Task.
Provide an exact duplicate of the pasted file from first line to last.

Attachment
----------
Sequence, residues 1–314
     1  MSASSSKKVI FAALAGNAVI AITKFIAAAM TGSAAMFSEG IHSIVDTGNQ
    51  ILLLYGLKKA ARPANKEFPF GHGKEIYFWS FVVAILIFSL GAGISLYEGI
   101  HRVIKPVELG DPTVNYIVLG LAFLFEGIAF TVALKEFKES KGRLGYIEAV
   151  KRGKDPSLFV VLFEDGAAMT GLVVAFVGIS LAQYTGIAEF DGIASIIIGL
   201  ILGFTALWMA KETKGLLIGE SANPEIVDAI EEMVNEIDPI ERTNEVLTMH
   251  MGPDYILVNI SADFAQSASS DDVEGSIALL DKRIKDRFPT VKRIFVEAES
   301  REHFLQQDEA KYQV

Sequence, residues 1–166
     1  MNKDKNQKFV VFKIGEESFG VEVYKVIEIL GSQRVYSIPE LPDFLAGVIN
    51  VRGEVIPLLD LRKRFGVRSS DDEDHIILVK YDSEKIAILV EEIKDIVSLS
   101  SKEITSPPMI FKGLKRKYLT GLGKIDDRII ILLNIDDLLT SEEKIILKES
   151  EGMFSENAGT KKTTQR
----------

Sequence, residues 1–314
     1  MSASSSKKVI FAALAGNAVI AITKFIAAAM TGSAAMFSEG IHSIVDTGNQ
    51  ILLLYGLKKA ARPANKEFPF GHGKEIYFWS FVVAILIFSL GAGISLYEGI
   101  HRVIKPVELG DPTVNYIVLG LAFLFEGIAF TVALKEFKES KGRLGYIEAV
   151  KRGKDPSLFV VLFEDGAAMT GLVVAFVGIS LAQYTGIAEF DGIASIIIGL
   201  ILGFTALWMA KETKGLLIGE SANPEIVDAI EEMVNEIDPI ERTNEVLTMH
   251  MGPDYILVNI SADFAQSASS DDVEGSIALL DKRIKDRFPT VKRIFVEAES
   301  REHFLQQDEA KYQV

Sequence, residues 1–166
     1  MNKDKNQKFV VFKIGEESFG VEVYKVIEIL GSQRVYSIPE LPDFLAGVIN
    51  VRGEVIPLLD LRKRFGVRSS DDEDHIILVK YDSEKIAILV EEIKDIVSLS
   101  SKEITSPPMI FKGLKRKYLT GLGKIDDRII ILLNIDDLLT SEEKIILKES
   151  EGMFSENAGT KKTTQR